By Mike Dunn and Mike DeNardo
PHILADELPHIA (CBS) — Pennsylvania governor Tom Corbett came to Philadelphia today to announce that he was allowing an early release of funds to the Philadelphia school district after the state legislature failed to take action on a city cigarette tax authorization.READ MORE: EXCLUSIVE: Body Of Missing 26-Year-Old Casey Johnston Recovered, Believed To Have Been Killed In Crash, Authorities Say
Hear the full press conference in this CBS Philly podcast (runs 18:58)…
But the school district says that without assurances of new money, the advance does not ensure that schools will open on time or that there will not be layoffs August 15th.
The governor also called on the Philadelphia Federation of Teachers to make contract concessions to help the district balance its budget.
Outside the governor’s office at the Bellevue Hotel, on Broad Street, students who weren’t allowed into the press conference made their feelings known.
“Hey hey, ho ho, Governor Corbett’s go to go!” they chanted.
Schools superintendent William Hite, standing next to the governor for this morning’s announcement, stressed that this early disbursement does not resolve the $81-million funding gap the school district needs to close in order to avoid layoffs and other serious cuts.
Hite thanked the governor for releasing the funds and said it helps in terms of planning for the start of the school year, but he added that it doesn’t solve the budget problem.
“It does not resolve the $81-million budget gap,” Hite said. “That will require additional revenue. A lot of that revenue comes from the cigarette tax. So there’s still work to be done. We still need 81 million dollars. And so it changes nothing about what we are considering, although it adds significant information in the decisionmaking process.”READ MORE: New Jersey Requiring All Employees In 'Certain' Healthcare Facilities Get COVID-19 Vaccine Or Regular Testing By Early September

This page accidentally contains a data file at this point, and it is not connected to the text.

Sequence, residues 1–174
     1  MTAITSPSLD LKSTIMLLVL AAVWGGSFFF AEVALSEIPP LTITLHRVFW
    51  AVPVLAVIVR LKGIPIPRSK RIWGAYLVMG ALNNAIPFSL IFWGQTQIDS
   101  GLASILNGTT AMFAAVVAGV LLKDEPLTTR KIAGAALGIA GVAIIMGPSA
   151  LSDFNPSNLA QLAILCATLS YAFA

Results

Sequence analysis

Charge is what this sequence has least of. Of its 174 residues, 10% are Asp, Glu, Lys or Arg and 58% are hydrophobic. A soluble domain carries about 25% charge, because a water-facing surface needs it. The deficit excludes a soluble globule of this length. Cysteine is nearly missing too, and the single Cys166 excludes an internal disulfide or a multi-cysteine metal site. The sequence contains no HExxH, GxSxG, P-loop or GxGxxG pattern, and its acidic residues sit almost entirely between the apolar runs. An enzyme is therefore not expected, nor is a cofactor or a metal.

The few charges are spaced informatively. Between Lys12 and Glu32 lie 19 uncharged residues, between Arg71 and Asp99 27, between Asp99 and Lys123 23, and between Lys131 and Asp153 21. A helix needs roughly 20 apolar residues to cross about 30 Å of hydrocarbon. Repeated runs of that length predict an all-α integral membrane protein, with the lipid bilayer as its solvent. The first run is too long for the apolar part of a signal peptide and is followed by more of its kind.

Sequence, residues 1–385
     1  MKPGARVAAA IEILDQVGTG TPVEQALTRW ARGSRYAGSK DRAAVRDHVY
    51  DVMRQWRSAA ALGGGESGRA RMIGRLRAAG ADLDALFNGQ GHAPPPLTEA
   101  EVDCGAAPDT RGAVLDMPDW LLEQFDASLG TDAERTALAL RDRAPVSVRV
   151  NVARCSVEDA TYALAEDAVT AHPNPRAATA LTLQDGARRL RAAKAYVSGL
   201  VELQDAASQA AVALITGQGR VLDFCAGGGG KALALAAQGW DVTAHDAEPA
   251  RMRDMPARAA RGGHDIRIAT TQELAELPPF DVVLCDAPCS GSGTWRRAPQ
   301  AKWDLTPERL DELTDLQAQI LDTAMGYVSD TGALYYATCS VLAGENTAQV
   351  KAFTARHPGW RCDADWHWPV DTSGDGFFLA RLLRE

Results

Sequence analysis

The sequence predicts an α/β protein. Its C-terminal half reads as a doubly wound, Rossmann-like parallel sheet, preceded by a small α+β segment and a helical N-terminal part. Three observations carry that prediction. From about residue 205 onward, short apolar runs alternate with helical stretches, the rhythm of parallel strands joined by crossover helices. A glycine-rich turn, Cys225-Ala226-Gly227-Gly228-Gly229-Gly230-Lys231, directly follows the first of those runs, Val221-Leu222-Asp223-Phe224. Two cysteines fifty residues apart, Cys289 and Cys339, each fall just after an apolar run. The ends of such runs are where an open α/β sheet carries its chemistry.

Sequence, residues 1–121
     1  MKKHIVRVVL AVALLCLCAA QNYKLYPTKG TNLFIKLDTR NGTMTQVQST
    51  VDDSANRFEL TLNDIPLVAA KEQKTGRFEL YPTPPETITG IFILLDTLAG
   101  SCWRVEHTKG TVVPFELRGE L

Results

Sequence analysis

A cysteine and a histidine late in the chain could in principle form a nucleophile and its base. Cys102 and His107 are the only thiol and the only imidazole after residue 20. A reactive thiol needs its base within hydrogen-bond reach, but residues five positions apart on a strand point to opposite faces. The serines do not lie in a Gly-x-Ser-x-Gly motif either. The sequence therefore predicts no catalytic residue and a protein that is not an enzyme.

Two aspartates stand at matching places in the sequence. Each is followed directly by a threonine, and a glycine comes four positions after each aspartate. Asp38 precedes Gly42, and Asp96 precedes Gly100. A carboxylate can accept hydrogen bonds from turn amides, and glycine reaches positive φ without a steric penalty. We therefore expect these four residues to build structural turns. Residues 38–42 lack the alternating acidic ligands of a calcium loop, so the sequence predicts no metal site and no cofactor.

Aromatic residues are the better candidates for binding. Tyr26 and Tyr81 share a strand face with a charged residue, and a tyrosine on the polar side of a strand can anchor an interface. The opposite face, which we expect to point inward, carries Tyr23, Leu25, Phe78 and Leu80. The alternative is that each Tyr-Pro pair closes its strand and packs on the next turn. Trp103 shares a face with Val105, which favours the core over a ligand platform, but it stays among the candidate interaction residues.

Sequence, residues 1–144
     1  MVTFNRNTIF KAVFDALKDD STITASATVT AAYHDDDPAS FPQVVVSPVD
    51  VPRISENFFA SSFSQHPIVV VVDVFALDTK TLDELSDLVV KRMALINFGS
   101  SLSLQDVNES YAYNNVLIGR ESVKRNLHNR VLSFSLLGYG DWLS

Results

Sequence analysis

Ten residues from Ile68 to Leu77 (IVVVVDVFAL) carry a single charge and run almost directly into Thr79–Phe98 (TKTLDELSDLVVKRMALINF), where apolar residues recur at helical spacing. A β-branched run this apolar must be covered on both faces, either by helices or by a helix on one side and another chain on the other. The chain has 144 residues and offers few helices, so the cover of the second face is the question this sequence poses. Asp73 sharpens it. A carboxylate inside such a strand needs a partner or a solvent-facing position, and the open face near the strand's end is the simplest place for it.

Hite said he is still unable to say whether schools will open on time.
Meantime, school officials are hoping the Pennsylvania legislature will reconvene this month and vote to approve the $2-a-pack tax on cigarettes in Philadelphia, with that money earmarked for the school district.
Last week the Pennsylvania House opted not to return and vote on that tax; GOP leadership cited a lack of votes to get the measure passed.
Also this morning, Mayor Nutter voiced disappointment about the governor’s announcement. He said what’s needed is more leadership to prod the legislature to return to work.
“This is about demanding action,” Nutter said. “This is about putting your full weight and authority of the office behind this kind of effort. The need is for the General Assembly to come back for one hour on one day and take one vote to ensure that the cigarette tax dollars are safe and secure for the school district, so that children can start on time and safely. William Penn would be ashamed to see what’s going on with regard to the education of school children in his own City of Philadelphia.”
Teachers’ Union Head Reacts
Later in the afternoon, Philadelphia Federation of Teachers‘ president Jerry Jordan, responding to Gov. Corbett’s call for more teacher contract concessions, said his union has already “stepped up” by offering a year ago to accept a wage freeze and to begin making contributions to their health care premiums.
Negotiations with the district over the last year have failed to yield a new agreement.
Jordan reiterated that the governor’s advance of money to the school district doesn’t help restore any programs or services because it’s not additional funding. And he says his members contribute every day by buying classroom supplies out of their own pockets.
In a statement, Jordan said a cash advance and passage of the cigarette tax are “not enough to fix the damage done by Governor Corbett’s cuts to public education.”
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